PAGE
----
> yes it is since the & is not a valid operator afaik
    >
    > have a nice weekend
    > Hajo
    >
    >


    Other point: in my o.p. the official correct answer was quoted "....]. I
    assume this is wrong as well and should be "...."?

  7. Re: grep question

    On Jul 13, 12:22 pm, Hajo Ehlers wrote:
    > On Jul 13, 9:53 am, Huub wrote:
    >
    > ...
    >
    > > "Which command will display all lines in file1 that contain the string
    > > abc but NOT the string xyz?"

    >
    > > The given correct answer is: grep -E "abc&!xyz] file1

    >
    > > I doubt very much that this is a correct expression since actually
    > > testing it results in nothing. Am I correct?

    >
    > The above command work not work at all - its looks like you made a cut
    > and paste out of a PDF.
    >
    > The following command
    > $ echo "abc\nabc xyz\n def xyz" | grep -E "abc|!xyz"
    > gives:
    >
    > abc
    > abc xyz
    >
    > so i would say the answer by the book is correct as may other ...
    > And of cource its the AIX grep.
    >
    > hth
    > Hajo


    Is that right? The orginal question was

    "Which command will display all lines in file1 that contain the
    string
    abc but NOT the string xyz?"


    But the regexp above is definitley displaying a line containing string
    xyz..

    if file1 is
    abc
    abc def
    xyz abc

    I would expect the correct regexp to display

    abc
    abd def

    I could do it in python with negative look-ahead and look behind
    assertions (match this regexp if it isnt followed by this other
    regexp) but not sure how to achieve it in unix grep.


  8. Re: grep question

    On Jul 13, 12:22 pm, Hajo Ehlers wrote:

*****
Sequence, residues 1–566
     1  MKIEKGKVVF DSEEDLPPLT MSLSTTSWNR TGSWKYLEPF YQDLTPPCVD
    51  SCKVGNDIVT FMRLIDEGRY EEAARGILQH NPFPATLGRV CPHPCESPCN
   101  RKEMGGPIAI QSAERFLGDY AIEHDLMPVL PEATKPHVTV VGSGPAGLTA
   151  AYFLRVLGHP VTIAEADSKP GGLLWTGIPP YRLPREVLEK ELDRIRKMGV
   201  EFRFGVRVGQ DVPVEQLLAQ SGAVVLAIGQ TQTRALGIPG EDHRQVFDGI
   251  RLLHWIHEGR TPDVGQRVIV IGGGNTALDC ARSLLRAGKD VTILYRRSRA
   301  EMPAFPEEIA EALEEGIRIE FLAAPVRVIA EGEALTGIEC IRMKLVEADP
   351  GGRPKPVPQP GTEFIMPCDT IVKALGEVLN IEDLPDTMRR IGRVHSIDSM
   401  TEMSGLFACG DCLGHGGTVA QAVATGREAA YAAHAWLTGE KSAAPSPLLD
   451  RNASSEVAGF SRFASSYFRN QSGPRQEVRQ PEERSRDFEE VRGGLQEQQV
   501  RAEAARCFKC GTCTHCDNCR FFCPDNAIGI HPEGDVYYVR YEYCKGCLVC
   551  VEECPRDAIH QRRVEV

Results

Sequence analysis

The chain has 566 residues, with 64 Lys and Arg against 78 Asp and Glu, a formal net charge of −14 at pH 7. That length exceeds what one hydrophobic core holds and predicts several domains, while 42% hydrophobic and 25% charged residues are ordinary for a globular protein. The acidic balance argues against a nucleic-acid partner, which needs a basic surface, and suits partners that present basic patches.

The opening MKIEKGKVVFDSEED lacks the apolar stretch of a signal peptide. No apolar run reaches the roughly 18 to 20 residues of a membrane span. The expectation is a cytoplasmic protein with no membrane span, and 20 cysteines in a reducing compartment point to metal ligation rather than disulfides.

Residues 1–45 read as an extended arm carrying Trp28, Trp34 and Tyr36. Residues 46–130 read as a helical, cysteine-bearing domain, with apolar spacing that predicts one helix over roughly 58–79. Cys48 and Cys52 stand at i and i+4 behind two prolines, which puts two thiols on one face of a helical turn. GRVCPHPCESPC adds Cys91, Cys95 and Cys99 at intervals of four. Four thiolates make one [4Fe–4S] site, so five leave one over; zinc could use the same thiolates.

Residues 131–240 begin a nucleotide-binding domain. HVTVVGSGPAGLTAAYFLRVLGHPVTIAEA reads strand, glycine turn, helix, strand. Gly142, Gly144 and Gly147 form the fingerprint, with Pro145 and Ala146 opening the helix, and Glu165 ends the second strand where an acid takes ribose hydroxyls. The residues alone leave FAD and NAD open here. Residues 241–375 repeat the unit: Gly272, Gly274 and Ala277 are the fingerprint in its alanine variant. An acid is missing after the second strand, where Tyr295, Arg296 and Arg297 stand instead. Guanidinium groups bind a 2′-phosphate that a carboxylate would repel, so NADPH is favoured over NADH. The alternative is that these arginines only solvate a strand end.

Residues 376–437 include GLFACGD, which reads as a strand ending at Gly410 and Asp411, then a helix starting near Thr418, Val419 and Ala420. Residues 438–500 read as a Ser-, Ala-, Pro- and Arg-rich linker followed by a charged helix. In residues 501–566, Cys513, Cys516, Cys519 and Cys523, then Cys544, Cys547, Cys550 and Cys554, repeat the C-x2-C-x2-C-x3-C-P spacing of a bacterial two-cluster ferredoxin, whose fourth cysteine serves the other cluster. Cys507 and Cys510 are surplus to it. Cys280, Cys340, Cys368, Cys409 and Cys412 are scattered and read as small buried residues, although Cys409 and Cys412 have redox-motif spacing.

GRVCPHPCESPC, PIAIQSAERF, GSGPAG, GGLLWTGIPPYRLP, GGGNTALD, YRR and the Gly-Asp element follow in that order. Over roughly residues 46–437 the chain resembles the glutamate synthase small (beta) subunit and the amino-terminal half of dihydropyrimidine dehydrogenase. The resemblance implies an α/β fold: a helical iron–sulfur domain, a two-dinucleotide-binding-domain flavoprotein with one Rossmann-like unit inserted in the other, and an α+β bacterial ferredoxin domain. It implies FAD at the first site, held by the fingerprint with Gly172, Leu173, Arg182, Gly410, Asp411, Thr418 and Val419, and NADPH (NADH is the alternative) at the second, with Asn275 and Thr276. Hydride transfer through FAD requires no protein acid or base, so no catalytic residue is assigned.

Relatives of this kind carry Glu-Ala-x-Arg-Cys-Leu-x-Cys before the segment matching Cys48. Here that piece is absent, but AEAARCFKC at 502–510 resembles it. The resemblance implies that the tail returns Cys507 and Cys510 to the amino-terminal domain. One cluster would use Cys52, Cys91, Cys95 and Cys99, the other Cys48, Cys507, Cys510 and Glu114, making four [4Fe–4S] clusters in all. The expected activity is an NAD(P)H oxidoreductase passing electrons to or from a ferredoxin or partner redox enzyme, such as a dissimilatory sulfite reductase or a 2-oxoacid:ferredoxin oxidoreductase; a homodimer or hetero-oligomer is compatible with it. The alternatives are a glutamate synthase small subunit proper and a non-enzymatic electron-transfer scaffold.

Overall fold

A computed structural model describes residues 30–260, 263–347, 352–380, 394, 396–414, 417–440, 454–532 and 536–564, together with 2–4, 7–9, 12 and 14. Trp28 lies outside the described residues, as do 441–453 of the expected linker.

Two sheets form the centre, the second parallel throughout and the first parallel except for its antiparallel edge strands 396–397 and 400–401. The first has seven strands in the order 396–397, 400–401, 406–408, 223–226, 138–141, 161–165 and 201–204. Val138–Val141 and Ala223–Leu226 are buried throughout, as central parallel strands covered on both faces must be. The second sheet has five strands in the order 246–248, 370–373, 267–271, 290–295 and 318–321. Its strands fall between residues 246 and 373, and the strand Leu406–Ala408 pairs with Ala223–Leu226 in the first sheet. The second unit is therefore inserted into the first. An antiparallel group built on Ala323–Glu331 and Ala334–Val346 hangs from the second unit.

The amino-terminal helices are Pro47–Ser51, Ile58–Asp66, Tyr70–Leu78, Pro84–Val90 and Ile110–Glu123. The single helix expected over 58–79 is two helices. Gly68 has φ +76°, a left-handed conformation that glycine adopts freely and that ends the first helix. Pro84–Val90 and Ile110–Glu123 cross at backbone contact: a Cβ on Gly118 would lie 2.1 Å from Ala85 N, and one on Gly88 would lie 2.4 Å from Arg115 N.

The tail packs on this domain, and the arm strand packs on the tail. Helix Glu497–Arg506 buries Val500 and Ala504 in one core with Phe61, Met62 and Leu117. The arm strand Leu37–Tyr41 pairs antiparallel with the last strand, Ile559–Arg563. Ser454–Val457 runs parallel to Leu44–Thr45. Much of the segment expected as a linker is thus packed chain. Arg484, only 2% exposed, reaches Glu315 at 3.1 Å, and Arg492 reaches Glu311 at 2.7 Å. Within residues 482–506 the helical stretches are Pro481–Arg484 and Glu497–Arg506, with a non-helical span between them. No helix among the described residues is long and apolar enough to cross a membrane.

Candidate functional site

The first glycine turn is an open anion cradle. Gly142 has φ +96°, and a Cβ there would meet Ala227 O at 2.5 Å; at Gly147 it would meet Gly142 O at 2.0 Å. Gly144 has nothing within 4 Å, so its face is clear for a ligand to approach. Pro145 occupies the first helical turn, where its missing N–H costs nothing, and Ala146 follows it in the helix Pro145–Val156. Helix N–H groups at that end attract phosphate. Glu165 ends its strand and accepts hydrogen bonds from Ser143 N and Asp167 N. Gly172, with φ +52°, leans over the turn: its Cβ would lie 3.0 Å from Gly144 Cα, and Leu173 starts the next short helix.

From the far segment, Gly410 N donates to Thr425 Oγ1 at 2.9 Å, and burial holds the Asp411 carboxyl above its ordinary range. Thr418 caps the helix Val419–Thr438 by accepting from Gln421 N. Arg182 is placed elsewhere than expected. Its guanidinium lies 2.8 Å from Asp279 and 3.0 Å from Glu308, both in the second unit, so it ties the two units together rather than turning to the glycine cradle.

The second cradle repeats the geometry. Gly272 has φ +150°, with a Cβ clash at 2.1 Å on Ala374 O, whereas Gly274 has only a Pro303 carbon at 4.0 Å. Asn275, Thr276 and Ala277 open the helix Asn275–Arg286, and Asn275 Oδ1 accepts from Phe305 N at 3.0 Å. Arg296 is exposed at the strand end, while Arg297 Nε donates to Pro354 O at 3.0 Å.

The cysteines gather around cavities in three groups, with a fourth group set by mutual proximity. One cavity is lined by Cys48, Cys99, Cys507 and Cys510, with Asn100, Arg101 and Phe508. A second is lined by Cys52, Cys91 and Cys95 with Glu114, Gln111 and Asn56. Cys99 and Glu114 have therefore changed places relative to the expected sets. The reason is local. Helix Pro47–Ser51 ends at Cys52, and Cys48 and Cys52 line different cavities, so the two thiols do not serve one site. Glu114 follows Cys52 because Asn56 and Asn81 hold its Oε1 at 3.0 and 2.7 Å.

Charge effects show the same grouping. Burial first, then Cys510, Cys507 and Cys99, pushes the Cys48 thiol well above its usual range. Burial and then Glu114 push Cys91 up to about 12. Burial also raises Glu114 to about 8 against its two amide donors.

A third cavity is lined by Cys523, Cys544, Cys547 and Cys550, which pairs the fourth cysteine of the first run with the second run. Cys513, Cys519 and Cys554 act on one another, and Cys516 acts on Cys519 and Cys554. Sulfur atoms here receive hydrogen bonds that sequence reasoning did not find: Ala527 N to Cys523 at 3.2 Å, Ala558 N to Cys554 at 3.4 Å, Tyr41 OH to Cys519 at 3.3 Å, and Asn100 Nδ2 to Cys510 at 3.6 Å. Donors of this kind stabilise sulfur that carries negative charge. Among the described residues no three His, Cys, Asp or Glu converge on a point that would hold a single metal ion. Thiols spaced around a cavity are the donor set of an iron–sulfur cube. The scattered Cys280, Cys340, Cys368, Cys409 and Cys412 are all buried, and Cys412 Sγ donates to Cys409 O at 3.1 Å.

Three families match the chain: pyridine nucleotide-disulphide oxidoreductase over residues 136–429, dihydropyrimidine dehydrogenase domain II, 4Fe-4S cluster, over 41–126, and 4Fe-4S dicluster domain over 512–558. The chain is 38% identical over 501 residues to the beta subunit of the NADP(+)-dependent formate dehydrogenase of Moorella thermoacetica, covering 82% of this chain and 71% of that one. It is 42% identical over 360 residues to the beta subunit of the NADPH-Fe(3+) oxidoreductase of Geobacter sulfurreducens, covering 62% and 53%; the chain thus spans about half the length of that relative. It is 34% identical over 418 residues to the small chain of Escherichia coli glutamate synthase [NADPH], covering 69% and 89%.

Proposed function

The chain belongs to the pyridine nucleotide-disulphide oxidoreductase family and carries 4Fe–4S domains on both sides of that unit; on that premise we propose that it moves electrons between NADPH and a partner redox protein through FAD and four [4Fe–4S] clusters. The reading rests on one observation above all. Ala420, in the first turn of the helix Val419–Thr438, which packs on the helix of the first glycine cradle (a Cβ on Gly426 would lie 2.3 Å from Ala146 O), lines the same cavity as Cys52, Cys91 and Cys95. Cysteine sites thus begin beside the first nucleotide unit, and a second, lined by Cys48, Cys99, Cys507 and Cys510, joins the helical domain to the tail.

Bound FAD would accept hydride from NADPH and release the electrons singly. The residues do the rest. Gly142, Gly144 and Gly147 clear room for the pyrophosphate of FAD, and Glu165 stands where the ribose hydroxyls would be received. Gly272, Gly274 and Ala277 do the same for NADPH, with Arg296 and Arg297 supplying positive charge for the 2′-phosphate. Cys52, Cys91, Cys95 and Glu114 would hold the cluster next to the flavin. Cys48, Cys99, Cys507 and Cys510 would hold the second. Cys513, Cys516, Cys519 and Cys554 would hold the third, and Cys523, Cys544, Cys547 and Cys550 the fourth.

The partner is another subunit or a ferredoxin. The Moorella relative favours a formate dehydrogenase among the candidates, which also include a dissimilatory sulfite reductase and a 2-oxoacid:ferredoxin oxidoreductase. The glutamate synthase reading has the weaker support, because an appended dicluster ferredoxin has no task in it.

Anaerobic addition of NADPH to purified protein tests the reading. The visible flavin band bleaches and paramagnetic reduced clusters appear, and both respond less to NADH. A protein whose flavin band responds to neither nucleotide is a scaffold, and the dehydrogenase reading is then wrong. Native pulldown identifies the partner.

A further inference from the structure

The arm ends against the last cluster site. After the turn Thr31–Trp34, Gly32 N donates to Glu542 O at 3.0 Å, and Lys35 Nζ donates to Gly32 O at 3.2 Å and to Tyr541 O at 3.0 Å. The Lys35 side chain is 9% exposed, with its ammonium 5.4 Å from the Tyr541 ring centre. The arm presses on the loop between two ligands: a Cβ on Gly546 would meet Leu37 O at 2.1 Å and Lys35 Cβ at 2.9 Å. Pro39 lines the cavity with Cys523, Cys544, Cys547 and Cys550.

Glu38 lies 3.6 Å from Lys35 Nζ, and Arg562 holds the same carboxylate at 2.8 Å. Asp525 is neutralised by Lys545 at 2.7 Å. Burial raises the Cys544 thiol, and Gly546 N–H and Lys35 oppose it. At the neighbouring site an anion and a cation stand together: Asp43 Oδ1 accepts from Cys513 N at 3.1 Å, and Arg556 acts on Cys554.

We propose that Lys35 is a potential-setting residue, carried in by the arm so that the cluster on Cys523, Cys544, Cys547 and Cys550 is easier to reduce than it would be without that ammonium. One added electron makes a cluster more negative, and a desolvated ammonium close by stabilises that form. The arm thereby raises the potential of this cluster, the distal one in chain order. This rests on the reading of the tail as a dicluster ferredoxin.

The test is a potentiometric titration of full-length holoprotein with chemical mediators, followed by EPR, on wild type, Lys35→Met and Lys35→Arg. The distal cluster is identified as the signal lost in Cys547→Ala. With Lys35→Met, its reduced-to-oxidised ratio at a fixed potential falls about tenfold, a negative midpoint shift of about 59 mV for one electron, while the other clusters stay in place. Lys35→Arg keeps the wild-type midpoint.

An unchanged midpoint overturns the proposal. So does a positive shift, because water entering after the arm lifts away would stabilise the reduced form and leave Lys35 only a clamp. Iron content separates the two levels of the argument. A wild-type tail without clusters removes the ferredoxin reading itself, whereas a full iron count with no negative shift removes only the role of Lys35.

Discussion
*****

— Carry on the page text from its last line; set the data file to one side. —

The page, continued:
> On Jul 13, 9:53 am, Huub wrote:
    >
    > ...
    >
    > > "Which command will display all lines in file1 that contain the string
    > > abc but NOT the string xyz?"

    >
    > > The given correct answer is: grep -E "abc&!xyz] file1

    >
    > > I doubt very much that this is a correct expression since actually
    > > testing it results in nothing. Am I correct?

    >
    > The above command work not work at all - its looks like you made a cut
    > and paste out of a PDF.
    >
    > The following command
    > $ echo "abc\nabc xyz\n def xyz" | grep -E "abc|!xyz"
    > gives:
    >
    > abc
    > abc xyz
    >
    > so i would say the answer by the book is correct as may other ...
    > And of cource its the AIX grep.
    >
    > hth
    > Hajo


    The original question was;

    "Which command will display all lines in file1 that contain the
    string
    abc but NOT the string xyz?"

    The regex you listed above definitley is showing the line
    abc xyz

    given a file1 of
    abc
    abc def
    xyz abc
    abc xyz
    def abc

    I would expect the correct regexp to display
    abc
    abc def
    def abc

    I could do it in python with negative look behind and negative look
    ahead assertions, but I'm not sure how to do it in regular grep
    without using multiple grep's with a pipe.



  9. Re: grep question

    apologies for double post. Thought google had lost the other one